No general planned his campaign better than we did. At age eight, almost nine, I felt more grownup than I did last year. Bobby and I drew out our battle plan. I wasn’t so afraid of her turning us into frogs, but rats. Each spring, my daddy killed the rats in our corn crib. I could just imagine me running for my life as my daddy chased me with a big club. Bobby’s daddy did the same. We figured if we could catch her without her magic wand; we had a chance.
On the last day of school, we thought we were ready. Mr. Jochaps speech was something he had worked on for the last few weeks. At nine that last morning, he gave it. By 10:30. He was on his way to the train station to go back home to visit his family for the summer, and we were free. We hurried home, changed out of our school clothes and met at the creek.
We approached the big hollow tree on the bank on tiptoes. I almost freaked when Bobby stepped on a stick. He carried a rope in his hand and I had a piece of board to deflect her curse to turn me into a frog.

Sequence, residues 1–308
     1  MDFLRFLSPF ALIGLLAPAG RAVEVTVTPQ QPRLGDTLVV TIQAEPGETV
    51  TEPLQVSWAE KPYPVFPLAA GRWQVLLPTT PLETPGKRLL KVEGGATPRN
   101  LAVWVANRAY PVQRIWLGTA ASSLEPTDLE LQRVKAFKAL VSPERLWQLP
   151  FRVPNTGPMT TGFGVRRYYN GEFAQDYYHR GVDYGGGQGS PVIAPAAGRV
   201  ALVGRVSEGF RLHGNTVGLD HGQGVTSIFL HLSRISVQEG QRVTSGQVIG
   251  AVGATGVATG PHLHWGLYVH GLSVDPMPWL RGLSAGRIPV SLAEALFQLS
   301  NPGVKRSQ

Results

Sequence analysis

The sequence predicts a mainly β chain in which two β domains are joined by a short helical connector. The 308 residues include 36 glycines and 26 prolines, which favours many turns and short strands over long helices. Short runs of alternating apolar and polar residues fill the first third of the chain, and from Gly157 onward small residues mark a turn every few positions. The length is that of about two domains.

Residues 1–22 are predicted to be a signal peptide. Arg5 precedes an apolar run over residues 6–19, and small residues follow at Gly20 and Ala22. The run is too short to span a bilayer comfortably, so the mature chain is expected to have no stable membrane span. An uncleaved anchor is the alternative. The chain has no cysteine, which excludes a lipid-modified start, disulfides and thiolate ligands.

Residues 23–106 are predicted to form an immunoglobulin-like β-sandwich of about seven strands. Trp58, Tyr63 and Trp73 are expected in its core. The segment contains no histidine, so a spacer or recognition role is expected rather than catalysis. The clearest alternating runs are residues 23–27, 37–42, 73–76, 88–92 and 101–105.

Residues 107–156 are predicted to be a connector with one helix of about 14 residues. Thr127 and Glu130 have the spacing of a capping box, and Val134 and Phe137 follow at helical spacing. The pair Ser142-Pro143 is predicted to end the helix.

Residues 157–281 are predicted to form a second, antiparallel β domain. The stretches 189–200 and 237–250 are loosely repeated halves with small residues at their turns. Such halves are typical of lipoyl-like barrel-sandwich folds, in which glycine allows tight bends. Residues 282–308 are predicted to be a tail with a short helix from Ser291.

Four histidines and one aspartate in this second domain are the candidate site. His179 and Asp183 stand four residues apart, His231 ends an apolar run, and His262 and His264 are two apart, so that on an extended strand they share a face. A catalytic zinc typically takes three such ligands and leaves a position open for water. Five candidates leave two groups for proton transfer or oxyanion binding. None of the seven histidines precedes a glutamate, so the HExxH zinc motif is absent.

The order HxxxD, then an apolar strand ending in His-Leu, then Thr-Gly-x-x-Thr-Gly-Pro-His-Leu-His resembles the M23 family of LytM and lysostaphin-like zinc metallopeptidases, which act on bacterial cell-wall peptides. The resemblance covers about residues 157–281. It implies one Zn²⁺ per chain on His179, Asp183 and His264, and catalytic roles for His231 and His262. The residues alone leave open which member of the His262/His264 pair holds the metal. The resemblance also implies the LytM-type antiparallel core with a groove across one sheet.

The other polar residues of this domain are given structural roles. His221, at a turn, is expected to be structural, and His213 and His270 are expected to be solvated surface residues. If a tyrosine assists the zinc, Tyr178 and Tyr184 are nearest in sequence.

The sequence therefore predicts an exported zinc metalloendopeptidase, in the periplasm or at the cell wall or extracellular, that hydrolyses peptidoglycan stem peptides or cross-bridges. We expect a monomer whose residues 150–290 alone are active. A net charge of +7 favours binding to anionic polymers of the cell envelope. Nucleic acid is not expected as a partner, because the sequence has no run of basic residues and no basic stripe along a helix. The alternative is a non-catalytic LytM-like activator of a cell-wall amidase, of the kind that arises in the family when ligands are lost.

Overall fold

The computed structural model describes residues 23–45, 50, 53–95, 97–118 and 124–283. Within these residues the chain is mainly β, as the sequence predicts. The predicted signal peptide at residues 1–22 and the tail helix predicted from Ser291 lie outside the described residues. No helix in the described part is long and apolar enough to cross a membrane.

Looking into the tree, Bobby whispered loudly. “She ain’t here.” About that time, I felt a hand on my neck. I screamed and tried to get away. Bobby screamed. I struggled, but the grip held me. It felt like iron.
She began chanting. “What you doin’ in my woods? Stay outta my woods. Little boys get turned into frogs.” The voice was female and young. It was her. The fairy had me. I was a goner.
Then her grip loosened. She screamed. “Let me go. Let me go.” Bobby. He had her. He tied the rope around her legs. She fought him. He was running around in circles. Pulling her back against a tree. Loose, I helped him. She fought like a wildcat. We put the rope around a sapling and yanked her against the tree.